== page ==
This development underscores the challenge that Facebook has with mobile ads, though revenue on mobile has rallied in the last quarter. The bigger issue is that the majority of Facebook users are in the developing world, and they access the social network with a mobile phone. These users are not the target audience for Facebook’s current advertisers. Copy-pasting ads from the USA to target users in the developing world is not an option. Whether Facebook can find appropriate advertisers and a business model for emerging markets is an important question.
Facebook’s most recent financial quarterly disclosure noted its dismal ARPU for North American users of $3.40 and a paltry $.047 for the rest of the world. Such a low ARPU underscores Strand Consult’s assertions that Facebook needs to explore non-advertising methods to monetize its platform. Facebook has a huge unexploited opportunity with communication services.
People buy data packages from operators to access Facebook, but they could just as easily by the data package from Facebook in an MVNO arrangement with an operator. We can’t think of any operator in the world that would not want Facebook as a wholesale customer. Facebook has already implemented a call button. A full-blown Skype clone on Facebook should not be far behind.
Facebook needs a mobile browser.
One more important area for Facebook to explore is the browser. The browser controls access to the internet. Browsers are important on mobile phones just as they are on computers or tablets.
The world’s single most used mobile browser is made by Opera, a Norwegian company that monetizes its browser by selling it to mobile operators. By purchasing Opera, Facebook will immediately gain commercial relationships to many of the world’s largest mobile operators. The mobile telecom industry itself is more than $1 trillion in turnover, larger than global advertising.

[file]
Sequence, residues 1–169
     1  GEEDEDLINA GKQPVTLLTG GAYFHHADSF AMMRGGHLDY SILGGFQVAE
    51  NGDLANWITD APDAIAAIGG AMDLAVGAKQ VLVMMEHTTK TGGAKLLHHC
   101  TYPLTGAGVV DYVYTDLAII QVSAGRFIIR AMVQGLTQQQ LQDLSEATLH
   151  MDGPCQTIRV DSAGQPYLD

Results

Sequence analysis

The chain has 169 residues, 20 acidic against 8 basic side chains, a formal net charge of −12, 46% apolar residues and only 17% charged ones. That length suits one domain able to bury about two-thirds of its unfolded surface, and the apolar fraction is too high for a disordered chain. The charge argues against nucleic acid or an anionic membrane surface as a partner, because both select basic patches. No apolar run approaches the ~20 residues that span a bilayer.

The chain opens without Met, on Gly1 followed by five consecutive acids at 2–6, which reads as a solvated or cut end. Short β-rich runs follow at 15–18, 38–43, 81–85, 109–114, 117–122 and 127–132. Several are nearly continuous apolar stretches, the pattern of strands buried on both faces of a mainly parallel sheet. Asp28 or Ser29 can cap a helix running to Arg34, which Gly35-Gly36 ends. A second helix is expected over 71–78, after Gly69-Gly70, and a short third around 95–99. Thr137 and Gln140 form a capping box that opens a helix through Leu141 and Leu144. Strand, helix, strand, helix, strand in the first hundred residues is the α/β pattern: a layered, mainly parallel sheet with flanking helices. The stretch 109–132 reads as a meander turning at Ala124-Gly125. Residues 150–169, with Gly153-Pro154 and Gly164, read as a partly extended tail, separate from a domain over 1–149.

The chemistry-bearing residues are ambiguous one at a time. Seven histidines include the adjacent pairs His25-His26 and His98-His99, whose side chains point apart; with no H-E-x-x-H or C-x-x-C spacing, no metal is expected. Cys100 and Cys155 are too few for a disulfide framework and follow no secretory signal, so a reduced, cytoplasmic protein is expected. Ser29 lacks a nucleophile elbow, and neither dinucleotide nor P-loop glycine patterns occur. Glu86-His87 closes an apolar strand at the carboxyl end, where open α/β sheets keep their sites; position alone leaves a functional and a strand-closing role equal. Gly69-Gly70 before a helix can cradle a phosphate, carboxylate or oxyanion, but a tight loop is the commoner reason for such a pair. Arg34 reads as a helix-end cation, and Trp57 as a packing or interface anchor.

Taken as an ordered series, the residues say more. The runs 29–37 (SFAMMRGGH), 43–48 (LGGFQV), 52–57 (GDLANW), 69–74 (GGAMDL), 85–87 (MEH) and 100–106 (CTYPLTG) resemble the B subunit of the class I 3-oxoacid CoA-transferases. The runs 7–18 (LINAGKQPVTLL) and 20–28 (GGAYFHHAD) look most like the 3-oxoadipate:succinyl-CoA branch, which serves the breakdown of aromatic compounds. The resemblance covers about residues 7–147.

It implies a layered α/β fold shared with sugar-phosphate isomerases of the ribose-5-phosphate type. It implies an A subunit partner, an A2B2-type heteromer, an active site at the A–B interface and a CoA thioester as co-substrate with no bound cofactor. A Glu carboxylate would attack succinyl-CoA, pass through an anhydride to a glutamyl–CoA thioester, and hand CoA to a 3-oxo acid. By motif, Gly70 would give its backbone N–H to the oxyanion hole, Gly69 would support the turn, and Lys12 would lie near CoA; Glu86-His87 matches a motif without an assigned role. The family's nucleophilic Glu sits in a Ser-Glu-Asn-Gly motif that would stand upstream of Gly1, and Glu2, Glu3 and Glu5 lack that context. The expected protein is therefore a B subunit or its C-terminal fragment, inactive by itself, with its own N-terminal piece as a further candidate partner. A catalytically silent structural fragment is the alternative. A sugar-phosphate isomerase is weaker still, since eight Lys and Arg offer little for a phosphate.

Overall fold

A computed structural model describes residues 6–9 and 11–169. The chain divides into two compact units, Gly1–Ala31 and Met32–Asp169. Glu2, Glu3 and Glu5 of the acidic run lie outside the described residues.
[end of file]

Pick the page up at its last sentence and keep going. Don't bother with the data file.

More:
Opera does not only have one, but a number of browsers that work across many platforms including feature phones, smart phones, tablets, PCs, TVs, set-top boxes etc. In practice, Facebook could launch their own browser if they wanted to, just like Yahoo is currently doing. If Facebook purchases Opera they will from day one own a browser that is already installed on many different devices across the whole world. Yahoo on the other hand will need to convince all their customers to try their new browser.
With their purchase of AdMarvel two years ago and more recently Mobile Theory and 4th Screen Advertising, Opera has ensured that they are well placed on the mobile advertising market. This is a good position that Facebook can further expand and also a very interesting part of Opera’s business that can take advantage of the mobile traffic that Facebook already has.
Opera has built a very successful App Store which Facebook can use to expand the distribution via Facebook. Perhaps most interesting to Facebook with its saturated Western markets is that Opera monetizes its activities in India, Russia, Brazil, Africa and Asia, places where Facebook has little to no revenue.
Facebook and Opera would be a match made in heaven, and it a future that Facebook should acquire as soon as possible.
To learn about the mobile future of Facebook and what it means for operators, get our report “The good, the bad and the ugly side of Facebook – A report that describes how Facebook affects the mobile industry strategically, operationally and financially“.